Special programs and the Ontario Human Rights Code - A self-help guide

Special programs and the Ontario Human Rights Code - A self-help guide (PDF)

2022 • 20 Pages • 666.2 KB • English
Posted June 24, 2022 • Submitted by Cryptonite

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Summary of Special programs and the Ontario Human Rights Code - A self-help guide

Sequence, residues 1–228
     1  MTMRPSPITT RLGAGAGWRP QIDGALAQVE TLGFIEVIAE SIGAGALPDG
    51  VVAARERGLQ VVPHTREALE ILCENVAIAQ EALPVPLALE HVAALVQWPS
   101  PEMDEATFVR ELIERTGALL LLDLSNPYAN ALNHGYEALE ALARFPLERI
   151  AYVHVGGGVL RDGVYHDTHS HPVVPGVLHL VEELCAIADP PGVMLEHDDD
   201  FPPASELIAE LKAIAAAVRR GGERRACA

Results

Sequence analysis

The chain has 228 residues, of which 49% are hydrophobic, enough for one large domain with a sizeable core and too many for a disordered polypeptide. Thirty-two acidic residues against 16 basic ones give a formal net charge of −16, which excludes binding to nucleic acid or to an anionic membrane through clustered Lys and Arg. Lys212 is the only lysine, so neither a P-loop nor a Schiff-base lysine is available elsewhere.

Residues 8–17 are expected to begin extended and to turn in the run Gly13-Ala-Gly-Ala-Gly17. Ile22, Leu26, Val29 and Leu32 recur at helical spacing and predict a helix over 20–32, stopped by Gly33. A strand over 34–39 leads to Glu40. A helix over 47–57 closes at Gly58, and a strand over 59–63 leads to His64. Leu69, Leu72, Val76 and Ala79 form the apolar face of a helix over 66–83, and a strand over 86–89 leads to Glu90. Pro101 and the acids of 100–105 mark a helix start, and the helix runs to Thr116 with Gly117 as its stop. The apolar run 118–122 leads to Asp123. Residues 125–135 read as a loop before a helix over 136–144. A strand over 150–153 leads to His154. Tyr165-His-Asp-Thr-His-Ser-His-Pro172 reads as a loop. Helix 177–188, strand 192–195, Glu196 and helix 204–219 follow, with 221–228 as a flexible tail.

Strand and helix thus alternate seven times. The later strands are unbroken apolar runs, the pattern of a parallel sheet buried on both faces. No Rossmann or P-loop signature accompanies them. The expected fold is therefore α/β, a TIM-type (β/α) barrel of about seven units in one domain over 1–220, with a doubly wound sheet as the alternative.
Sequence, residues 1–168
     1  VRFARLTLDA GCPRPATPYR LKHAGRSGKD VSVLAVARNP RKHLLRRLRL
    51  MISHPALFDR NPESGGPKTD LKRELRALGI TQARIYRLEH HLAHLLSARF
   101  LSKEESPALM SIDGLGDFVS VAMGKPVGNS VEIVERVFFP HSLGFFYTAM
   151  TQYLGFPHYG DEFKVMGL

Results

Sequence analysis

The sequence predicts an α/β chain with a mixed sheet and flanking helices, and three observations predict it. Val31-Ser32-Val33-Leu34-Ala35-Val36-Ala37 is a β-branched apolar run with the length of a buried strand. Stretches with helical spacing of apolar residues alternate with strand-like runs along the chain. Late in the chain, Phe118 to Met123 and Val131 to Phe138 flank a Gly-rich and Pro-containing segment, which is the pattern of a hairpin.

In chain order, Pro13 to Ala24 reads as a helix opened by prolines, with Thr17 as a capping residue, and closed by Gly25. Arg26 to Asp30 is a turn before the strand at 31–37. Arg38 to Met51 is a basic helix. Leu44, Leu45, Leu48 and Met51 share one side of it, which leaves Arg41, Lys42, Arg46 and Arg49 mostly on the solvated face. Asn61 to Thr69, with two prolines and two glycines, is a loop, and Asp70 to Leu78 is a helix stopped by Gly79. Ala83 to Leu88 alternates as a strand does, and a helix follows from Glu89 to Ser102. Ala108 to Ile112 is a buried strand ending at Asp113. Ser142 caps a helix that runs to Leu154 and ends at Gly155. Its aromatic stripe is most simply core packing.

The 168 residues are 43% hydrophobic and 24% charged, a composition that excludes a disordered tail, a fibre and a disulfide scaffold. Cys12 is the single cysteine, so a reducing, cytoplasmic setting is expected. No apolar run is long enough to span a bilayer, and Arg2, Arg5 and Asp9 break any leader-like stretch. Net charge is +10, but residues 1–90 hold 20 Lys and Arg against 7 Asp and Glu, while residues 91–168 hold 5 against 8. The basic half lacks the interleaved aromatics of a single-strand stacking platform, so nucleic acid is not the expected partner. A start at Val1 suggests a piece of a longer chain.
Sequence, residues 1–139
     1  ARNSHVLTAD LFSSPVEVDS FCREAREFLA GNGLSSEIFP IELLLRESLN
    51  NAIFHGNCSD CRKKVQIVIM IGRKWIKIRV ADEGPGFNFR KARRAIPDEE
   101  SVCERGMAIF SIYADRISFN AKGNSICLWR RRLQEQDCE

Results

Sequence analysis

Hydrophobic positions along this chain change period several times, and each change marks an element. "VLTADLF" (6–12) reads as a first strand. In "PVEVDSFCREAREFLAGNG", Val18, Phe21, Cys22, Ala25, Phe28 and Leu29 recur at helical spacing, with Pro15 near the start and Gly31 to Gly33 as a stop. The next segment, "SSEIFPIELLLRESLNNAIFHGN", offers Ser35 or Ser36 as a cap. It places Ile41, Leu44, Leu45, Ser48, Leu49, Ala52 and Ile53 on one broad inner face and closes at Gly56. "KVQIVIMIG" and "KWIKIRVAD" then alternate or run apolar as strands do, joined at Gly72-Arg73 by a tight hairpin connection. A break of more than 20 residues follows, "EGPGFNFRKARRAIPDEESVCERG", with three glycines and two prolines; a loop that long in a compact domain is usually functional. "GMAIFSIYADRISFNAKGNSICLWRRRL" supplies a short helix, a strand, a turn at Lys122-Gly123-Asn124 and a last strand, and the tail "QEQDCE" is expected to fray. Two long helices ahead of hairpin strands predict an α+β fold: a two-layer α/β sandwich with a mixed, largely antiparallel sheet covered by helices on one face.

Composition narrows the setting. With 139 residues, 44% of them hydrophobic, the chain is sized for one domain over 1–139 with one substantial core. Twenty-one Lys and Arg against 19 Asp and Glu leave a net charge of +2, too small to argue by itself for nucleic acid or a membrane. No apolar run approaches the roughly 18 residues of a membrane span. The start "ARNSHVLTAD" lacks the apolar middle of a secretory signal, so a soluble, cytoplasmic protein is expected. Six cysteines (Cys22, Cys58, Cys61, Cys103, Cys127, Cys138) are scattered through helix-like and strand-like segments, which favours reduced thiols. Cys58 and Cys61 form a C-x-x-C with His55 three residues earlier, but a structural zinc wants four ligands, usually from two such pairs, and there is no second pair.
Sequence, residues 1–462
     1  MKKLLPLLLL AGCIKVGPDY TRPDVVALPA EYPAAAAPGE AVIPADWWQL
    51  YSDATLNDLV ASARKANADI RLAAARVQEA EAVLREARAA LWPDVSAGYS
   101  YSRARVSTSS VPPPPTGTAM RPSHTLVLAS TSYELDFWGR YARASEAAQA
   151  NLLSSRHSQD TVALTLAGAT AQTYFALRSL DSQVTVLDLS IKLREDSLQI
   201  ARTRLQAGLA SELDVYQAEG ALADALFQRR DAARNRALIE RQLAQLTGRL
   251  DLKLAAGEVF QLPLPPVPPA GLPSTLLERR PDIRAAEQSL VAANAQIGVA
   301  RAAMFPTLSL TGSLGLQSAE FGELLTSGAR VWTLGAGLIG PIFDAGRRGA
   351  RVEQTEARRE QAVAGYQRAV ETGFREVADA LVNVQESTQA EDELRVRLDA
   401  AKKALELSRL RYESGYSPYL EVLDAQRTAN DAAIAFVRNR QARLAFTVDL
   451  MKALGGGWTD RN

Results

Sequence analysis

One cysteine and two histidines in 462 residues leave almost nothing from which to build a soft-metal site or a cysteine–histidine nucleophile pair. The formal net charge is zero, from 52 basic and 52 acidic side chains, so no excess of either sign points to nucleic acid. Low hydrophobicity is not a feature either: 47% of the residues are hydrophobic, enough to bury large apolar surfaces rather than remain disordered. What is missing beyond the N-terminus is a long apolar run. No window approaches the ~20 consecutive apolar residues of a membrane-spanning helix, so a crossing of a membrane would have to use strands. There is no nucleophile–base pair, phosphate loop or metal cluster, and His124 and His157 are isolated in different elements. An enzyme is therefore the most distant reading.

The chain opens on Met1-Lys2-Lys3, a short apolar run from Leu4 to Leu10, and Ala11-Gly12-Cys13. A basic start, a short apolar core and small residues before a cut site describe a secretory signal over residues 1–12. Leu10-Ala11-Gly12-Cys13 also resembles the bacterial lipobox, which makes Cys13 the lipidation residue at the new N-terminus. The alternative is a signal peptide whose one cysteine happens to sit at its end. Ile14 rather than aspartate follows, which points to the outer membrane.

self-help SPECIAL programs and the Ontario Human Rights Code A guide Contents What are special programs? .................................................................................2 What the Code says..........................................................................................3 Why are special programs protected? ..................................................................3 Protecting affirmative action ..............................................................................4 Promoting substantive equality..........................................................................4 Special programs and the duty to accommodate..................................................5 Special programs and other exceptions in the Code.............................................6 Guidelines for developing special programs .........................................................7 Consultation ......................................................................................................7 Developing a rationale for the program .............................................................7 Data collection...................................................................................................8 Eligibility criteria.................................................................................................9 Evaluating a special program ..........................................................................11 Addressing concerns about special programs ....................................................11 Special Program Guidelines Checklist................................................................14 Section 14 of the Code .......................................................................................16 Purpose of OHRC Policies..................................................................................18 Special programs and the Ontario Human Rights Code: A self-help guide What are special programs? The purpose of the Ontario Human Rights Code is to create a climate of understanding and mutual respect for the dignity and worth of each person, so that each person feels a part of the community and feels able to contribute to the community. It gives everyone the right to equal treatment in employment, housing, goods, services and facilities, contracts, and membership in unions, trade or occupational associations or self-governing professions based on Code grounds. Everyone is entitled to equal treatment in these areas based on their: o Race, colour or ethnic background o Religious beliefs or practices o Ancestry o Place of origin o Citizenship o Sex (including pregnancy and gender identity) o Family status o Marital status, including those with a same-sex partner o Disability o Sexual orientation o Age o Receipt of public assistance (in housing) and record of offences (in employment) All organizations are required to prohibit unfair treatment based on Code grounds and must remove barriers that cause discrimination and stop it when it occurs. Organizations can also choose to develop “special programs” to help disadvantaged groups improve their situation. The Code and the Canadian Charter of Rights and Freedoms1 both recognize the importance of dealing with historical disadvantage by protecting special programs to assist marginalized groups. The Supreme Court of Canada has also said special programs should be protected.2 The Code allows for programs designed to help people who experience hardship, economic disadvantage, inequality or discrimination, and protects these from attack by people who do not experience the same disadvantage. This guide describes the use of special programs, clarifies when they are allowed, and identifies how they could be designed. The OHRC encourages the development and use of special programs as effective ways to meet particular needs, help reduce discrimination, and correct historical disadvantage. 1 Section 15(2) of the Canadian Charter of Rights and Freedoms outlines the protection of affirmative action programs, to prevent them from being attacked by people who are excluded from the programs’ purpose. 2 Most recently, in R. v. Kapp, (2008) 2 S.C.R. 483, the Court ruled that a commercial fishing license provided to three Aboriginal bands to allow fishing on one extra day of the year was not discrimination under the Charter and Rights of Freedoms because its object was to ameliorate the conditions of a disadvantaged group under section 15(2) of the Charter. Ontario Human Rights Commission -2- Special programs and the Ontario Human Rights Code: A self-help guide Organizations do not need permission from the OHRC to develop or designate a special program. This means that special programs can be put in place without delay. What the Code says Under Section 14 of the Code, it is not discrimination to put in place a program if it is designed to: o Relieve hardship or economic disadvantage o Help disadvantaged people achieve, or try to achieve, equal opportunity or o Help eliminate discrimination A program must satisfy at least one of these points to be a special program under the Code. There are many types of programs that might qualify. For example: o A housing co-op keeps a set number of spaces for women who are leaving abusive relationships o The government funds a job program for persons under 25 to combat youth unemployment, because a Statistics Canada study shows that youth under 25 face higher rates of unemployment than other groups o A government-funded community legal clinic offers its services only to people with disabilities, to help them fight some of the systemic barriers they face. The OHRC, Human Rights Tribunal of Ontario (HRTO) and the courts can determine which programs are allowed as special programs under the Code. Why are special programs protected? In the case of the Ontario Human Rights Commission v. Ontario (Roberts), the Ontario Court of Appeal said that section 14 of the Code has two purposes: 1. Protecting affirmative action programs from challenge by people who do not experience disadvantage. 2. Promoting substantive equality to address disadvantage and discrimination in all its forms. Ontario Human Rights Commission -3- Special programs and the Ontario Human Rights Code: A self-help guide Protecting affirmative action At one time, "equality" meant that everyone should receive the same or similar treatment. This is often referred to as “formal equality.” The problem is that “formal equality” ignores historical and ongoing barriers, doesn’t allow for special needs, and can even continue inequality for certain groups. The first purpose of section 14 is to make sure that special programs, properly designed to help a disadvantaged group, cannot be challenged by people who do not face the same disadvantage. In legal terms, section 14 protects special programs from challenges based upon “formal equality” principles. Example: A corporation sets up a scholarship fund to provide financial help to people with disabilities entering post-secondary education. The corporation’s rationale is that people with disabilities have been traditionally under-represented in higher education and face greater financial barriers than other groups because of costs related to their disabilities. This program makes a distinction based on disability that would be prohibited under section 1 of the Code. But the purpose of section 14 to protect “affirmative action” type programs works to prevent people who do not have disabilities from successfully claiming that their human rights have been violated because they are outside the disadvantaged group that the scholarship is designed to help. Example: A community rape crisis centre only provides services to women and transgender women (people who have changed their gender identity from male to female) based on studies and statistics that show that women are more likely to experience sexual assault than men. In both of these examples, the organizations could use section 14 as a legal defence if their program was challenged. Promoting substantive equality The second purpose of section 14 is to promote substantive equality. “Substantive equality” means understanding and meeting the needs of disadvantaged persons or groups using historical, legal and social contexts. It takes into account discriminatory barriers in their many forms, not all of which are obvious or intended. For example, discrimination may be built into an organization’s behaviour, practices and policies. That can lead to a genuine disadvantage for some people based on a Code ground. This is called systemic or institutional discrimination. Organizations and institutions have an obligation to be aware of these forms of discrimination. When systemic discrimination is found to exist, an organization must change its practices. Ontario Human Rights Commission -4- Special programs and the Ontario Human Rights Code: A self-help guide Developing and protecting good special programs is an additional way that organizations can address systemic discrimination and promote substantive equality by allowing some disadvantaged groups to benefit in a targeted way. In the Roberts case, the Ontario Court of Appeal said: “…Substantive equality requires a positive action to ameliorate the condition of soundly disadvantaged groups.” Example: A police service recognizes that it does not look like the racially diverse community it serves. Most of its higher ranking officers are from non-racialized groups. If people from racialized groups (communities facing racism) join the service, they are less likely to be promoted and more likely to quit early on. The service relies on recruits to find more experienced officers to mentor them, which helps them in moving up in the ranks. However, people from racialized groups have trouble finding mentors. The service creates a special program to help officers from racialized groups take part in formal mentorship opportunities. The Court also cautioned that: “Special programs aimed at assisting a disadvantaged individual or group should be designed so that restrictions within the program are rationally connected to the program. Otherwise, the provider of the program will be promoting the very inequality and unfairness it seeks to alleviate.” Example: A government program gives financial help to people with visual disabilities so they can buy equipment to help them. However, only people under age 30 can apply. This exclusion could be challenged. The government would have to justify why an age limit is relevant. Special programs and the duty to accommodate Employers, service providers and landlords all have a duty to accommodate the needs of individuals because of disability, creed, family status and other grounds, to the point of “undue hardship.” In some cases, what may appear to be a special program is in fact part of the duty to accommodate under the Code. Such programs should not be considered special programs. Ontario Human Rights Commission -5- Special programs and the Ontario Human Rights Code: A self-help guide Example: A transit provider sets up a para-transit bus service so people with disabilities, who face barriers on the conventional system, have access to public transit service already available to people without disabilities. This makes the para-transit system part of the duty to accommodate rather than a special program. Special programs and other exceptions in the Code In addition to section 14, some other sections in the Code allow preference to be given to specific groups if certain criteria are met. The special interest organization (section 18), special employment (section 24) and the age 65-and-over provisions (section 15) all lay out special exceptions or defences to the right to be free from discrimination under Part I of the Code. However, these differ from section 14 in the following ways. Section 14 applies where a program is the issue and a need can be demonstrated. Section 18 deals with membership in an organization. Section 24 applies only to preferential employment, where identifying with a Code ground is a genuine qualification for the job. The age 65-and-over (section 15) provision of the Code allows preference to be given to people in that age group without a reason. Sometimes, different parts of the Code may apply to the same organization, but in different ways: Example 1: A social recreation centre that offers workout facilities, a pool, daycare service, reading library and a café restricts its membership and services to women and transgender women (someone who has changed their gender identity from male to female). This would likely be protected under section 18 of the Code as a “special interest organization” or possibly under section 20(3) as a “recreational club.” Example 2: The women’s centre gives preferential treatment to its members aged 65 and over by providing them with discounted membership rates. It can do this under section 15 of the Code. Example 3: The women’s centre also provides life-skills and counselling programs exclusively to its members who are refugees to Canada and have experienced trauma and abuse. Using research to show that this group is much more disadvantaged than others, it justifies this service restriction as a “special program” under section 14 of the Code. Example 4: The centre restricts hiring qualified counsellors for its life-skills and counselling programs to women. It can do this under the “special employment” (section 24) provisions of the Code. Ontario Human Rights Commission -6- Special programs and the Ontario Human Rights Code: A self-help guide Guidelines for developing special programs A good plan for a special program should be developed through consultation and identify a rationale, supporting data, eligibility criteria and an evaluation method. With these in place, a program may be less likely to face legal challenges by people who think it is discriminatory under Part 1 of the Code, and can be better defended as a “special program” if necessary. Landlords, service providers and other organizations may start their own special programs. No special or advance approval by the OHRC is needed. Consultation Always consult the people who might be affected by the proposed special program. Include individuals and groups targeted by the program, labour unions or employee associations, tenant associations, service users or community organizations. Here are things to keep in mind when making a plan. Developing a rationale for the program The rationale for a special program is simply the reason it is being created. The rationale serves as a principle upon which to design the rest of the program. This makes it easier to develop the eligibility criteria and make a meaningful evaluation of the program once it has been started. A clear rationale also makes the program easier to understand for the people using it. A good rationale will: o Identify who will benefit from the program o Provide reasons why the target audience is considered to be experiencing hardship, economic disadvantage, inequality or discrimination. Evidence should be objective not subjective, and should not be based on personal impressions. Remember, there must be a real problem and evidence to show that the problem exists. Often, there is readily available research such as Census data that can help define the problem. Sometimes, data collection might be necessary o Explain how and why the program should help relieve the hardship, economic disadvantage, inequality or discrimination, including benefits, goals, timetables and expected results o Show the expected time period for the program. Example: After studies showed that people of South Asian origin with low-income have trouble getting access to the justice system, the government creates and funds a legal clinic to give free legal advice and representation to this group. A possible rationale behind the program is to help make it easier for this group to get legal representation in response to their disadvantage in the justice system. Ontario Human Rights Commission -7- Special programs and the Ontario Human Rights Code: A self-help guide A clear rationale can help an organization set goals for the program and criteria to evaluate the progress of the program to know when the goals have been met (see the section, Evaluating a Special Program). Data collection As a rule, using questions relating to prohibited grounds as criteria for offering employment, services, housing, contracts or membership in vocational associations is discrimination under Part 1 of the Code. However, the Code allows collecting data to monitor, evaluate and address systemic or other forms of discrimination. Collecting qualitative or quantitative data is a good way to see if a special program is needed. Data can be collected to see if certain groups are under-represented or if other forms of hardship, inequality or disadvantage exist. Example: Before expanding and hiring new staff, an employer conducts a work survey to see whether its workers reflect the community it serves. Employees are asked to identify themselves by sex, race, disability, creed, etc. and to submit the information anonymously. Based on the results, the company makes efforts to recruit more women into management positions. An organization may want to periodically collect data to measure the results of special programs, and help an organization decide whether to expand the program, disqualify people who no longer need it or discontinue the program when the equity goals have been met. Example: An organization sets up a four-year special program to offer housing to homeless people with mental health disabilities and addictions. Data was collected during the course of the program and at the end to see if the residents experienced greater quality of life, employment or volunteer prospects and improved physical and mental health. Based on the results, the organization changes its goals by continuing the program and offering additional supports to its older male clients. An organization might also collect data to examine if its employment and service practices are equitable, or to deal with a problem known in the organization or in the sector. Data collection for these purposes can help organizations to identify and eliminate possible Code infringements. Example: A school board is aware of research in other jurisdictions showing the negative impact of “safe school” discipline policies on racialized students and students with disabilities. Parents of some students from these groups have raised concerns with the school board about their children being disciplined inappropriately. The school board wants Ontario Human Rights Commission -8- Special programs and the Ontario Human Rights Code: A self-help guide to find out if this is a systemic problem. It designs a data collection program to record the race and disability of students along with the nature of the infraction and the form of discipline, to see if any discriminatory treatment exists. The Code does not say how to collect data. However, there are some good methods to identify groups within, or served by, an organization: o Self-identification surveys o Use of a trained employee or external expert to record data through observation o Use of an external consultant or expert to collect the data. Anonymous and voluntary self-identification surveys are usually a good way to collect information, but organizations should choose the method that works best for them. Privacy and dignity should always be a concern when collecting data. Organizations subject to freedom of information and privacy legislation should make sure that the method they choose complies with the relevant laws.3 Organizations should collect data in a way that respects dignity and privacy and should develop internal policies on privacy. Assuring anonymity may be needed to address privacy and confidentiality concerns. Service providers, employers, landlords and other responsible bodies should consult with affected communities about the need for data collection and appropriate methodology. Participants must always be told why data is being collected, how it will be used, the benefits of taking part and the privacy and confidentiality steps that will be taken to protect their information. Data collected for special programs must be used for special program purposes only. For more detailed information, please see the OHRC’s publication COUNT ME IN! Collecting human rights-based data, available on the OHRC’s website at www.ohrc.on.ca. Eligibility criteria The rationale for the program will guide who will be eligible to take part. As noted earlier, special programs must have criteria that only relate to the purpose of the program and they cannot discriminate based on other grounds in the Code. Very narrow criteria severely limit who can take advantage of the program. This might defeat the rationale behind the program by excluding people it was meant 3 Applicable privacy laws include Ontario’s Provincial Freedom of Information and Protection of Privacy Act and Municipal Freedom of Information and Protection of Privacy Act or the federal Personal Information Protection and Electronic Documents Act. More information is available from the Office of the Information and Privacy Commissioner. Ontario Human Rights Commission -9- Special programs and the Ontario Human Rights Code: A self-help guide to help. On the other hand, criteria that are too broad might result in providing benefits to people who don’t need them. Example: Studies show that people of South Asian origin with low income have trouble gaining access to the justice system. The government funds a legal clinic to provide free legal advice and representation to this group. Criteria too broad: In deciding who could use their services, the legal clinic could help anyone of South Asian origin. However, this would be over-inclusive, because it would allow people with medium and high incomes to benefit. This would partially defeat the rationale behind the program, which is to help people of South Asian origin with low income. Criteria too narrow or not related to the purpose: The legal clinic could offer services only to people whose income is below a certain level, who identify as South Asian, and who belong to a certain creed. These criteria would be too narrow, since the program is designed to help all South Asian people with low income and allowing people of only one religion to qualify would leave out other South Asian people with low income. The program could also be challenged under the Code as discriminatory against people based on creed. People are protected from discrimination when they take part in a special program, just as they are when receiving a service that is not a special program. Rules or restrictions placed on people participating in the special program must not disadvantage people based on Code grounds. Special programs often have limited resources. The temptation may be to restrict eligibility to put less strain on these resources. But financial limitations alone will not remove the obligation to justify the connection between eligibility and the reason for the program. Resources must be allocated in a way that furthers the purpose of the program and is in line with the intent of the Code. Above all, the eligibility criteria should flow naturally from the rationale based on its supporting evidence. Criteria that are not clearly related to the purpose of the program will likely infringe Part 1 of the Code. Also, even though the goal of a special program is to help people from Code-protected groups, it is important to note that taking part in a special program is not compulsory. Finally, people should be told that a special program exists, the restrictions or limits on who is eligible, and whether the program is for services, a job or for housing. Example: Advertisements for a government job program for youth under age 25 clearly explain to potential applicants and the public that Ontario Human Rights Commission -10- Special programs and the Ontario Human Rights Code: A self-help guide the employment is part of a special program designed to help disadvantaged youth. Evaluating a special program Monitoring a special program is important because it can help to: o Evaluate its effectiveness o Identify opportunities for improvement and growth o Facilitate accountability within the organization o Justify requests for more funding o Communicate program results to the organization and its clients o Get the support of key decision-makers and stakeholders. Assessing how well a program is working and how it is helping may also require data collection, described earlier. Example: A community mental health organization and a bank set up a special program for people with severe mental health disabilities who receive social assistance. The program helps them to open a no-fee bank account. The program rationale shows that some people with mental health disabilities face financial and other barriers to opening up regular bank accounts, which contribute to social isolation. The goal of the special program is to help people with mental health disabilities by improving banking access. The organizations set criteria to meet this goal by targeting to reach a minimum number of participants. They also plan to ask participants if they feel more financially secure and have more personal control over their financial affairs. The organizations use qualitative and quantitative data to evaluate the program. They find that participants increased their income, were able to buy more groceries, could better manage paying their bills and felt they “belonged” in their community. Based on this information, the organizations decide that the program has met its goal and consider expanding it to different regions. Addressing concerns about special programs A special program is in line with the values of the Code, if it meets the criteria described above. However, some questions and concerns may arise about an organization’s decision to set up a special program. One question that an organization may encounter is, “Will the special program lead to “reverse discrimination” where less qualified people are employed or assisted?” Ontario Human Rights Commission -11- Special programs and the Ontario Human Rights Code: A self-help guide It is common to see resistance to special programs based on the perception they just change who is being discriminated against. Special programs must respond to a proven need and real disadvantage. Systemic discrimination is often hidden; people from historically disadvantaged groups (for example, people from racialized groups, women, and people with disabilities) are often unable to get the same opportunities as others. Special programs help level the playing field. Organizations should set out the purpose and goals of a special program and identify how processes such as hiring and promotion will be made clear and will be based on merit. Organizations may need to invite questions and get feedback from people inside and outside the organization to encourage support. Example: A school board has collected data and found that very few of its teachers have First Nations, Métis or Inuit heritage, as compared to its student body. It creates an employment equity program, aimed at building a large pool of candidates of teachers with Aboriginal ancestry it can hire into available positions. In designing the program, it consults with many different groups, including unions, teacher’s colleges, parents, staff and people in the local Aboriginal and non-Aboriginal communities. It sets clear short and long-term goals to bring up representation. It provides regular updates on the progress of the program through school board meetings and its annual report. Another question an organization may encounter is, “Can a special program be designed for some people within a Code-protected group, and not others?” Yes. Special programs should be designed to meet the specific and pressing needs of particular groups. It may be that a program is especially needed in a certain context. An organization has the right to choose which special program will work best, depending on the needs of the individuals it is trying to serve. This may mean designing a program for just some of the people within an already marginalized Code-protected group. Example: A community centre serving people who are lesbian, gay, bisexual and transgender (LGBT) wants to set up a support group for bisexual people and people questioning their sexuality to talk about issues of biphobia (the irrational fear of people who are bisexual). The community centre is responding to concerns from its bisexual clients that they feel invisible and face stereotypes within both the heterosexual and LGBT communities. As noted earlier, restrictions on who is eligible for the program must be supported by the evidence and the rationale. Special programs cannot leave out people from a group who may benefit from the program without reason. Ontario Human Rights Commission -12- Special programs and the Ontario Human Rights Code: A self-help guide An organization can overcome objections to special programs by following the elements of this guide: developing a good rationale, providing evidence of a problem, setting requirements that do not unnecessarily exclude individuals, and checking how well the program is working. Organizations should clearly communicate the rationale, explain the benefits, and provide updates on the progress being made. Ontario Human Rights Commission -13- Special programs and the Ontario Human Rights Code: A self-help guide Special program guidelines checklist The information above is intended to help you understand special programs and some of the criteria required for a program to qualify under section 14 of the Code. It is important to know this information before planning and starting a special program. If in doubt, seek legal advice. Below is a checklist to help you. Program rationale □ The target group or groups intended to benefit under the program are defined □ The problem experienced by the target group is defined □ The defined problem is related to hardship, economic disadvantage, discrimination or achieving equal opportunity for the target group □ There is evidence of the problem □ Goals have been identified for the program □ The benefits provided by the program are designed to help fix the defined problem and meet the goals □ The program has been designed to help disadvantaged groups beyond the organization’s duty to accommodate people under the Code □ The proposed length of the program has been identified, if appropriate Data collection □ A method for accessing existing data or collecting new data needed for determining the rationale for the program, and ongoing monitoring and evaluation, has been created □ Any data collection needed has been done, taking into account anonymity and confidentiality concerns □ The way data is collected complies with the relevant privacy requirements of the organization and relevant legislation Eligibility requirements □ Specific eligibility criteria for people who can benefit from the program have been defined □ Each eligibility requirement, especially those based on prohibited grounds, relates directly to the rationale of the program □ The eligibility criteria are not too broad (do not include groups not intended to benefit) □ The eligibility requirements are not too narrow (do not prevent persons the program was intended to benefit from qualifying) □ Criteria are directly related to the rationale of the program, regardless of any cost limitations Ontario Human Rights Commission -14-